“It took us 12 years to write a constitution. Don't underestimate what you have done.” Jimmy Carter
Last week, to conclude their two-day visit to Cairo, the Elders took part in a televised discussion with young Egyptians on the momentous events that have changed their country – and their hopes and expectations for what comes next.
Press conference in Jerusalem on Monday 22 October Press conference in Cairo on Tuesday 23 October
Gro Harlem Brundtland, Jimmy Carter and Mary Robinson will visit Israel, the West Bank and Egypt. While in the Middle East they aim to draw attention to the imperilled two-state solution and lend their support to the Egyptian democratic transition.
"Like no other generation before, we can choose the type of future that we will leave to the next generation. A transition to a safe and prosperous future is possible, but will require the full use of humanity’s extraordinary capacity for innovation and creativity... Tinkering at the edges will not do the job."
"We have not yet seen the necessary courage or political will to turn good intentions into effective, collective action."
In an opinion piece published in newspapers around the world, Gro Brundtland and Fernando H Cardoso outline the key steps that must be taken to guarantee Rio+20's success and lasting impact on sustainable development.
“Economies are stalling. Ecosystems are under siege. Inequality – within and between countries – is soaring. I will make the point I always make: these afflictions are clearly rooted in political short-sightedness, where narrow interests triumph over common interests, common responsibilities – and common sense.”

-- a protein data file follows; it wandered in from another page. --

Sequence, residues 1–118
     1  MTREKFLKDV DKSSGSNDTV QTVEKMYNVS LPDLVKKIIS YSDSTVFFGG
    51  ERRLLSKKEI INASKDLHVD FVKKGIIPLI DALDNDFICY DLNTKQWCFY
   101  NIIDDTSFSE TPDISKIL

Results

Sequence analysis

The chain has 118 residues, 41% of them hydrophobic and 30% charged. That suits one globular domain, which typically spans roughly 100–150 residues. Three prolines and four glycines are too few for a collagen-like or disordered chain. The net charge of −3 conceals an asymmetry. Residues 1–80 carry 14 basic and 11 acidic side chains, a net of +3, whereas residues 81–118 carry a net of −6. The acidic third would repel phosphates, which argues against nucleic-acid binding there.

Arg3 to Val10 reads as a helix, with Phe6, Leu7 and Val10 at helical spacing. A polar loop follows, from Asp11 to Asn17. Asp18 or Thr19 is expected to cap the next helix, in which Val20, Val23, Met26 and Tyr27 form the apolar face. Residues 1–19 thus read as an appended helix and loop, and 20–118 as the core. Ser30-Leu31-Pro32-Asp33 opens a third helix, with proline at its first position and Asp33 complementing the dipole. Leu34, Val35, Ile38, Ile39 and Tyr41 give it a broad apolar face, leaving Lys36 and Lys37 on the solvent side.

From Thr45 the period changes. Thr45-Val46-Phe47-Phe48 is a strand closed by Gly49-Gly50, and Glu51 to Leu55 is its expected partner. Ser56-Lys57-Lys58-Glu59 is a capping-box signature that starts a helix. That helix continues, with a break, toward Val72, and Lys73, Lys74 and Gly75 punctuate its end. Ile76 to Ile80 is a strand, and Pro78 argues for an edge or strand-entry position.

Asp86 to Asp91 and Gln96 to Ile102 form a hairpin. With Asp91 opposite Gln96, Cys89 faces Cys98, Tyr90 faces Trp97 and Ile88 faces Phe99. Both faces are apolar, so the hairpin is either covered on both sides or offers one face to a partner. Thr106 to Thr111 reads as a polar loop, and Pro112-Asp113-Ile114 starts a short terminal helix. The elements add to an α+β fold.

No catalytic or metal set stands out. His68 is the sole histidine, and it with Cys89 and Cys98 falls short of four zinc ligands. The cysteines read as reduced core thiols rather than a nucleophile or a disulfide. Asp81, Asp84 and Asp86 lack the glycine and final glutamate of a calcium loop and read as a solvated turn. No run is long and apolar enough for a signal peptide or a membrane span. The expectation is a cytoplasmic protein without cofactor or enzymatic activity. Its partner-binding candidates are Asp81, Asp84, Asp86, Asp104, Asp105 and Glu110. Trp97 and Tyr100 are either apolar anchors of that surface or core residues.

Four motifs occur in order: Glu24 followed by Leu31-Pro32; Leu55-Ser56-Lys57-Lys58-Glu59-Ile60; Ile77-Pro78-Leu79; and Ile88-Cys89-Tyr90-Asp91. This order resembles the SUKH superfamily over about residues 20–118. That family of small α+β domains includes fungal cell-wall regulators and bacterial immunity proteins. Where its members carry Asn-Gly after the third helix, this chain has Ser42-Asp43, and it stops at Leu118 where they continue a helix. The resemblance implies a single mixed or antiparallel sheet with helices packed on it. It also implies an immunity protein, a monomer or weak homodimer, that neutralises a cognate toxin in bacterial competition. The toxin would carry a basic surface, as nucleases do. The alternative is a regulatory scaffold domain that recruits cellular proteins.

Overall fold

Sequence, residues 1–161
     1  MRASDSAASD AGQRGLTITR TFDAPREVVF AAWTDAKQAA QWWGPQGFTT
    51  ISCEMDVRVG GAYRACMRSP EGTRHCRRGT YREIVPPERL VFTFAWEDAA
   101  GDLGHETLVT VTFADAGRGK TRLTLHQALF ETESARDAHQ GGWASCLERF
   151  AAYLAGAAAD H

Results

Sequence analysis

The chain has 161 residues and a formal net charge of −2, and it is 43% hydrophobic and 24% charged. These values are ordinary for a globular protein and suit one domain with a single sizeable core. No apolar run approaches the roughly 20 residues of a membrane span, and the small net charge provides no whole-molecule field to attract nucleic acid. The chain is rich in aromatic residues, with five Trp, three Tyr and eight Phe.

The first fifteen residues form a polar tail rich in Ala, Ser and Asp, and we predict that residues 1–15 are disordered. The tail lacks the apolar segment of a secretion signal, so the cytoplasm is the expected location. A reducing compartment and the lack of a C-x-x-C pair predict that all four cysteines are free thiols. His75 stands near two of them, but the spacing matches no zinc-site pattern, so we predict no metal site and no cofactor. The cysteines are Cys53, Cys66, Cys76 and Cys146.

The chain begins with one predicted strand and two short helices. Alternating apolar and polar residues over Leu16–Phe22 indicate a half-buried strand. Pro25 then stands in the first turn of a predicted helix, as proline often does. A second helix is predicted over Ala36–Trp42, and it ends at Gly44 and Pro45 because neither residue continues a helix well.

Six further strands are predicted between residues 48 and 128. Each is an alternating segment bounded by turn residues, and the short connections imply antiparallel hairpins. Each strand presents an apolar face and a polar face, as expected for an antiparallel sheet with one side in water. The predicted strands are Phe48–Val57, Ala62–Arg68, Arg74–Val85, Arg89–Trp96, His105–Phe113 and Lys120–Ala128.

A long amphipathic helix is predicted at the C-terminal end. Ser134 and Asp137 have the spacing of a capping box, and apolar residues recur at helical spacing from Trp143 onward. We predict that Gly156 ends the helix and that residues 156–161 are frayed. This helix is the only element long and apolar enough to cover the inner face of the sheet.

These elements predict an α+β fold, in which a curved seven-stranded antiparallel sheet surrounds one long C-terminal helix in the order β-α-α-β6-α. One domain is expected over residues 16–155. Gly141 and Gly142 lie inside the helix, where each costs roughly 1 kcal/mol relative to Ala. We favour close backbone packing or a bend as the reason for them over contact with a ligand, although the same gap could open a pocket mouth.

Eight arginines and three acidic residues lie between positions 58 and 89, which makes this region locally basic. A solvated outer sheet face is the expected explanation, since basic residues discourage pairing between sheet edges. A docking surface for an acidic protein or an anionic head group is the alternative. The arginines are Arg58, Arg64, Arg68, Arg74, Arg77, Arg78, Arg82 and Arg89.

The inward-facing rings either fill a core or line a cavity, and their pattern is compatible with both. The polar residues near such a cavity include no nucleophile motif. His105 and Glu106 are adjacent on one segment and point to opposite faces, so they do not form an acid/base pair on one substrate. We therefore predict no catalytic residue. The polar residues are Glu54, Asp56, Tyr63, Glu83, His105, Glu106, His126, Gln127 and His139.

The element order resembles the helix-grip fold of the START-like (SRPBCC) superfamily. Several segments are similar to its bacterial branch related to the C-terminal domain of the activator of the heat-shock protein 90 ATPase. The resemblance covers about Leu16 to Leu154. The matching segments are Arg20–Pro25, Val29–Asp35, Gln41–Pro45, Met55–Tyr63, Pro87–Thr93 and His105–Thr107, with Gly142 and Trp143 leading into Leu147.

Gro Brundtland begins the Elders+Youngers dialogue with a message to the 'Youngers'.
Le mariage des enfants est une tradition qui entrave le développement sur plusieurs plans : l'éducation, la santé, la pauvreté et l'égalité. Pourtant, écrivent Gro Brundtland et Graça Machel, ce sujet est rarement évoqué par les instances décisionnaires. Tribune publiée sur Rue89.
After meeting with political and religious leaders on the divided island of Cyprus, Gro Brundtland asks whether they are best placed to bring the two communities together. In this blog, she argues that it is the ordinary citizens, young and old, who may be making the most progress.
In advance of the United Nations Climate Change Conference in Copenhagen, the Elders enlisted their grandchildren to help convey the message that the world must act now to prevent climate catastrophe in the future.
The Elders met the Turkish Cypriot leader Mehmet Ali Talat, and Greek Cypriot leader Demetris Christofias and were encouraged by their positive reports of progress at the start of the second phase of peace negotiations. At a press conference at the end of their visit, the Elders also urged the Cypriot media on both sides to play a responsible role in reporting the progress of the talks and in covering efforts to improve cooperation between the two communities.
The one thing common to members of the Global Elders is that their future is behind them. They are coming here, today, in the height of the summer heat, to listen to what plagues Israelis and Palestinians, and to try to convince them that there is another way.
The Elders are independent global leaders, brought together by Nelson Mandela, who offer their collective influence and experience to support peace building, help address major causes of human suffering and promote the shared interests of humanity.